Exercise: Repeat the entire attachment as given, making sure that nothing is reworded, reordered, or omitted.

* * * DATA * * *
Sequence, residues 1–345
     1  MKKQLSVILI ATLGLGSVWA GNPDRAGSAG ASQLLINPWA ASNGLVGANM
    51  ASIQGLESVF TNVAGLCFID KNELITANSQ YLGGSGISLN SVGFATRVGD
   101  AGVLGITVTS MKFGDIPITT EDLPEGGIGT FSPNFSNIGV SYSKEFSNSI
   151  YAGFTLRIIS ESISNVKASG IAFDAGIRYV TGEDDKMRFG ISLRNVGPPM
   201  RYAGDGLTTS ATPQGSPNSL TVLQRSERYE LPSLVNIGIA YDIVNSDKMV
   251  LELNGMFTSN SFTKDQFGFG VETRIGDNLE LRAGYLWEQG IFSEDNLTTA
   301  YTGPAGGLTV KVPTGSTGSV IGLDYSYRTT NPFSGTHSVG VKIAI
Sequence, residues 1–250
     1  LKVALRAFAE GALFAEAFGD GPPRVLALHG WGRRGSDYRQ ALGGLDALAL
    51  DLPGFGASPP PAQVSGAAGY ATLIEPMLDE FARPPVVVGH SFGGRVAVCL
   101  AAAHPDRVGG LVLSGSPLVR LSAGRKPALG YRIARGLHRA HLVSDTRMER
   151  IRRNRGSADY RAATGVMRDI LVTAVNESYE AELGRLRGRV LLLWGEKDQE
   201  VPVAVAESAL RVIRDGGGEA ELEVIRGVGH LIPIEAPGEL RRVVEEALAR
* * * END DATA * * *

Sequence, residues 1–345
     1  MKKQLSVILI ATLGLGSVWA GNPDRAGSAG ASQLLINPWA ASNGLVGANM
    51  ASIQGLESVF TNVAGLCFID KNELITANSQ YLGGSGISLN SVGFATRVGD
   101  AGVLGITVTS MKFGDIPITT EDLPEGGIGT FSPNFSNIGV SYSKEFSNSI
   151  YAGFTLRIIS ESISNVKASG IAFDAGIRYV TGEDDKMRFG ISLRNVGPPM
   201  RYAGDGLTTS ATPQGSPNSL TVLQRSERYE LPSLVNIGIA YDIVNSDKMV
   251  LELNGMFTSN SFTKDQFGFG VETRIGDNLE LRAGYLWEQG IFSEDNLTTA
   301  YTGPAGGLTV KVPTGSTGSV IGLDYSYRTT NPFSGTHSVG VKIAI
Sequence, residues 1–250
     1  LKVALRAFAE GALFAEAFGD GPPRVLALHG WGRRGSDYRQ ALGGLDALAL
    51  DLPGFGASPP PAQVSGAAGY ATLIEPMLDE FARPPVVVGH SFGGRVAVCL
   101  AAAHPDRVGG LVLSGSPLVR LSAGRKPALG YRIARGLHRA HLVSDTRMER
   151  IRRNRGSADY RAATGVMRDI LVTAVNESYE AELGRLRGRV LLLWGEKDQE
   201  VPVAVAESAL RVIRDGGGEA ELEVIRGVGH LIPIEAPGEL RRVVEEALAR